“‘Oh, a Dove …’ — A Report from Nagasaki –” by Aiko Tokuzawa

Translated by Jiro Numano and Vince Lawlor.

Read in the original Japanese here.

In the sky above the Peace Statue, fall has come,
Fall which descended upon the mountain of offered flowers.
When the wind blew,
We felt the smell of that day.
Every time we smell the air,
The wound opened up its red sore.
Two minutes past eleven in the morning of August 9th
Comes around every year anew,
And makes us grow old.
Oh, a dove
Perched on the finger of the statue extended toward heaven.


The baby a couple had longed for,
Whom they’d named ‘Kazuyo’ with great expectation,
Had no eyes.
Two orbits came in our sights as blue shadows.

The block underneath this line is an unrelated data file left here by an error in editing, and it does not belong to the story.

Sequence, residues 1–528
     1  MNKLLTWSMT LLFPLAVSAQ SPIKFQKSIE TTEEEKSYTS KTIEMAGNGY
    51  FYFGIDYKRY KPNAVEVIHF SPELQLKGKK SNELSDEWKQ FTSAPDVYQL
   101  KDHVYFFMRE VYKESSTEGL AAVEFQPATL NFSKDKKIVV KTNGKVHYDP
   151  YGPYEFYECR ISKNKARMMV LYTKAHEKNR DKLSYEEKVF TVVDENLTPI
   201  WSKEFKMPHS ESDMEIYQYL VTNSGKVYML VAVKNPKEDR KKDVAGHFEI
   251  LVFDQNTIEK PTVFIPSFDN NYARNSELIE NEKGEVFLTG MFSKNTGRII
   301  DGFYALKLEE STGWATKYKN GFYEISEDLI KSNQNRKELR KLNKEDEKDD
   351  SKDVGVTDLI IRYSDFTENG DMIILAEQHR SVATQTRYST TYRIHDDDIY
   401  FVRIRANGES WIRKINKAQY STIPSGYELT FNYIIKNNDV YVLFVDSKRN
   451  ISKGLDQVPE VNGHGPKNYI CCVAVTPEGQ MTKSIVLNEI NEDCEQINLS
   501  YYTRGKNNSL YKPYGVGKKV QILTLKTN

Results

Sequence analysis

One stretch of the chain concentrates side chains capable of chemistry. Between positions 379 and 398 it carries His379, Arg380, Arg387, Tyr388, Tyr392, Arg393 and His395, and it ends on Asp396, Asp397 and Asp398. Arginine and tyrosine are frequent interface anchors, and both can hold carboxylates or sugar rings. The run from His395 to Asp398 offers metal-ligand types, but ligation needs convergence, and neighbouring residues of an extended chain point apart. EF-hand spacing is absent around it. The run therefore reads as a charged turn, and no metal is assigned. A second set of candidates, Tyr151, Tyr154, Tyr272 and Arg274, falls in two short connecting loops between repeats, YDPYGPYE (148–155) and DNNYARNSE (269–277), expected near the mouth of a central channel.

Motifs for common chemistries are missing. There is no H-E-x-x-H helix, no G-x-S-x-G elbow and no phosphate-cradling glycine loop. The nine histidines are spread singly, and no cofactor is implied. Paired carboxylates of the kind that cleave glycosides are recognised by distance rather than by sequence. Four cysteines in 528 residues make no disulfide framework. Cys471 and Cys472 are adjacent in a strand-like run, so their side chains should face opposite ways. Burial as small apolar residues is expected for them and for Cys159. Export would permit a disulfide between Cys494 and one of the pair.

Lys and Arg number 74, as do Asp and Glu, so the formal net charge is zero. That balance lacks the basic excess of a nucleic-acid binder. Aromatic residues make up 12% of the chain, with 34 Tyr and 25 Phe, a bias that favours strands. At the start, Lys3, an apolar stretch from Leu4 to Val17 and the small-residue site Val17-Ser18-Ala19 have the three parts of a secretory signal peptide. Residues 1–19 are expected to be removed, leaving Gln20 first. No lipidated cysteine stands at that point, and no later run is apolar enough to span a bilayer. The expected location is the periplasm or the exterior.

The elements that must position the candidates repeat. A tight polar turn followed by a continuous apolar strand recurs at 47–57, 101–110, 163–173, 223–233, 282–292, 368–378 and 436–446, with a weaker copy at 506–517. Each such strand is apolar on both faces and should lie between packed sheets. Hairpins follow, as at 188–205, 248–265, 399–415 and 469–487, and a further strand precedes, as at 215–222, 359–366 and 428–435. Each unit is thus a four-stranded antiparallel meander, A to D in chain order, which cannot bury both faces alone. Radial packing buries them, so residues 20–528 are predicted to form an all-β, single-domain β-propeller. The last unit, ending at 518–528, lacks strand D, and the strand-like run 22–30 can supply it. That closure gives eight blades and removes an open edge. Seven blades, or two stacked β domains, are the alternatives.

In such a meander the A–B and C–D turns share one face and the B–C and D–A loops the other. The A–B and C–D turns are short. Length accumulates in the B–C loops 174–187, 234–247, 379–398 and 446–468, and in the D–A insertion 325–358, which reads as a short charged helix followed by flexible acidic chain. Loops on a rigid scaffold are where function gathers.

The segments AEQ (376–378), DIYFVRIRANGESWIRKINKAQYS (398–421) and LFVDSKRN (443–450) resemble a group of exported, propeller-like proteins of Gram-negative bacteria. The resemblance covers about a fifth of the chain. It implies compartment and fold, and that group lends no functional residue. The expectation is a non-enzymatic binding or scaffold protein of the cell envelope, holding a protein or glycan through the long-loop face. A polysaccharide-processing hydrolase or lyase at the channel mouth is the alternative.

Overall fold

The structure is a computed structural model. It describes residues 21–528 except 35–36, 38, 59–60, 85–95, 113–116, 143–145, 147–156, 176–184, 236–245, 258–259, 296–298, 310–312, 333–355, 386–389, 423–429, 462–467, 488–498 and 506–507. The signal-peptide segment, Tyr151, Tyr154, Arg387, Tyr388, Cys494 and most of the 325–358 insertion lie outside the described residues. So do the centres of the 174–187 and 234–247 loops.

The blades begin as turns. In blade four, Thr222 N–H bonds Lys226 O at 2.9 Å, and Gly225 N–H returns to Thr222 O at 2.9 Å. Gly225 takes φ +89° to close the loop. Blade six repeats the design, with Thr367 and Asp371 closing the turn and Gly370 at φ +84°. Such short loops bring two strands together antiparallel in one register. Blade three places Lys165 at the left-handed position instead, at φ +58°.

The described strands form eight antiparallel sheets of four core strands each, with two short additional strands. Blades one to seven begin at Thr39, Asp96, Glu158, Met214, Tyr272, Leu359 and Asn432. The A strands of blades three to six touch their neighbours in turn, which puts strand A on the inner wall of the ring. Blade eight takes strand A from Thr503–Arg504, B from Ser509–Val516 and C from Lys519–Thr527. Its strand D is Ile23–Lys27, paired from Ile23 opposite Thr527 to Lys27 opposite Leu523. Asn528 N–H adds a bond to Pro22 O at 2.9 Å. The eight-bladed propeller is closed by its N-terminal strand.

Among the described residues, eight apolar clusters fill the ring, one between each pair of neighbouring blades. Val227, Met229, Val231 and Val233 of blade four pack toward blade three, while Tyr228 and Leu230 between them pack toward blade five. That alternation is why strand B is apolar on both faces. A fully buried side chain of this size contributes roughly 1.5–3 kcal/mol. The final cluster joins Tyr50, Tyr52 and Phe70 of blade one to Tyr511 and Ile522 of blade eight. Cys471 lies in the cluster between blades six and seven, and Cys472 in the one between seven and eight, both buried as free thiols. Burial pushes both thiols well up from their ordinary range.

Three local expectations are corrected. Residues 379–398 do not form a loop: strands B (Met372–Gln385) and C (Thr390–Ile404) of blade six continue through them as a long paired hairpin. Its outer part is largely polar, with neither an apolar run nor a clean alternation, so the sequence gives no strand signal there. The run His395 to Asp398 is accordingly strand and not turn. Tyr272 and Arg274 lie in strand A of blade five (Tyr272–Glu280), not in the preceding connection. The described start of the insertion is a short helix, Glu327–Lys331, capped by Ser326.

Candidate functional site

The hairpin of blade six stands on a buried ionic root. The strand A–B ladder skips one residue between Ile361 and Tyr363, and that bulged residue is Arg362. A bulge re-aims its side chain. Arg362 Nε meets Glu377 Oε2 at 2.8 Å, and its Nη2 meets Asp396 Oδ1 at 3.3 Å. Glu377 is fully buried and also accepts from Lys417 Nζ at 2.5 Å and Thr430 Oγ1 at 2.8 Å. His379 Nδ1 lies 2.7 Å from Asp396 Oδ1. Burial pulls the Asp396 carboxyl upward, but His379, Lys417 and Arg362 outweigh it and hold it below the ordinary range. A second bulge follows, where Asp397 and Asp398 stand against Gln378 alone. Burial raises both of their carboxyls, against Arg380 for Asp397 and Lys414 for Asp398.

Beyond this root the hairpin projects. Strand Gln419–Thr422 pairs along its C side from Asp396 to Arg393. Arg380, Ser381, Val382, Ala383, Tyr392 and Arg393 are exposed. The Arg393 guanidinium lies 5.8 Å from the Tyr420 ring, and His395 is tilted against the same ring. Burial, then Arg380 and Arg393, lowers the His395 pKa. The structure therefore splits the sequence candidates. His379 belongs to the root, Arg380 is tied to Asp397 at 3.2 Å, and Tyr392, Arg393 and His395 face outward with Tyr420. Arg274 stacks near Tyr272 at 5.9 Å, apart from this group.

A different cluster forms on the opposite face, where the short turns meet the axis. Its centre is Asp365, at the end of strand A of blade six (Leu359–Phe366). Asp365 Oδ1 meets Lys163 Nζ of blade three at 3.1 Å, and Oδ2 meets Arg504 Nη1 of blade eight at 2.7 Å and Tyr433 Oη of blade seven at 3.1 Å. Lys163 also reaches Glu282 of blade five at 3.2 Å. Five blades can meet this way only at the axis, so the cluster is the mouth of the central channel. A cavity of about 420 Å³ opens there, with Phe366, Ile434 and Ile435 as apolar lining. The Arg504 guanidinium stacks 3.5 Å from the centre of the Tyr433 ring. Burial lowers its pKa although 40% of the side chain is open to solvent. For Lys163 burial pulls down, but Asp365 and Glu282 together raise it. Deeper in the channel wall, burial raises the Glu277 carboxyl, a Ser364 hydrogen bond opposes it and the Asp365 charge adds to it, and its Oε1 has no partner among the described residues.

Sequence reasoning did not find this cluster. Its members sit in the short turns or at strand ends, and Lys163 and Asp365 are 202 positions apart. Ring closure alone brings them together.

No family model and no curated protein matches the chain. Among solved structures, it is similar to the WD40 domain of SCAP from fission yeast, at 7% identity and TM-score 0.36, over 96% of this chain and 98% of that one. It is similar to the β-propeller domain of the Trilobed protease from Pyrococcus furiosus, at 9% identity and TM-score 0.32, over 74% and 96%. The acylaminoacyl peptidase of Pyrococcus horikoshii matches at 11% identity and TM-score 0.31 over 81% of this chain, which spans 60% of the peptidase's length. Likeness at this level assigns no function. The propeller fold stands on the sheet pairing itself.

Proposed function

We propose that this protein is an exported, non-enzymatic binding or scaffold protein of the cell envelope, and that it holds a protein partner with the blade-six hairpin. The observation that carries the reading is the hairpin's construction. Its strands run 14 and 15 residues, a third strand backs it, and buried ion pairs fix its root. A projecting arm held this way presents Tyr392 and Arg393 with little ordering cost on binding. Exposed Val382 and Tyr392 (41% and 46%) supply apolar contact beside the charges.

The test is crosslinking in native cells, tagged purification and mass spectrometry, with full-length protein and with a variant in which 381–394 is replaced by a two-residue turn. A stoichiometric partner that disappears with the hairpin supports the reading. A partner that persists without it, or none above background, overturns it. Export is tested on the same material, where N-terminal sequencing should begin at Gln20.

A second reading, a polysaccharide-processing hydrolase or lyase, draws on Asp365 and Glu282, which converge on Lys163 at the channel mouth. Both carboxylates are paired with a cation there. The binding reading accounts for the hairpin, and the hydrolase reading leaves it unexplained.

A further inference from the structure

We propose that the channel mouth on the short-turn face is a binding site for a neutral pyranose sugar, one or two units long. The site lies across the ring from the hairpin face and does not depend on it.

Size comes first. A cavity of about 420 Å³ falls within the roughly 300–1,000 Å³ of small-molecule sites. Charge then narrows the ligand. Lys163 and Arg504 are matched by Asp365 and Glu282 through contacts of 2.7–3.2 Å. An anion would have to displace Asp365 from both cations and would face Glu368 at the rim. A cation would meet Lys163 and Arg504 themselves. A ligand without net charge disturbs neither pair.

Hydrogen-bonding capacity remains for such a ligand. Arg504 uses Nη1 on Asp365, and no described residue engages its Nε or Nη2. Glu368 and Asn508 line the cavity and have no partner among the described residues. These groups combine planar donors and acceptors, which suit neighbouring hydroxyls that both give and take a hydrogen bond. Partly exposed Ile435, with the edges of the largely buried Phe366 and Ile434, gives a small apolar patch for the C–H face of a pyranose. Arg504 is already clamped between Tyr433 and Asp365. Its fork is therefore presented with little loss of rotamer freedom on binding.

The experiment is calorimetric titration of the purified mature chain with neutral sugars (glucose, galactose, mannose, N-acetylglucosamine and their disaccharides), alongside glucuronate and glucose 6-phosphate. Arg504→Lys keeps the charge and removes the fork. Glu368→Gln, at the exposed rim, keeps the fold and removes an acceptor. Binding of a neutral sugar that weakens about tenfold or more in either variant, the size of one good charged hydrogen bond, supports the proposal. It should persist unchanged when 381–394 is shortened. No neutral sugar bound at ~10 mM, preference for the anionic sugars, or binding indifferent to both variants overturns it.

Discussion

She was a child with clear pale skin,
A deep, silent color.
The glossy skin as if wax drawn over
Brought out the silence still more.
For a short while in the world,
She cried gently.
Soon, while unseen and barely lasting,
Her crying faded away.
She could only cry.
They could only listen to
Her lonely voice.
Between crying and listening
There was no gap as wide as a hair.
Both crying and listening
Were indescribably hard to do.
Yet the mother and child
Were one, tangled up and embracing each other. The scene of this oneness, so close that breathing could be felt, Forces people to intensely awake and face history every year.

At the fingertip of the meditating Peace Statue, The dove was motionless like a sculpture,
With its deep blue eyes
Spread open like bright pupils. 


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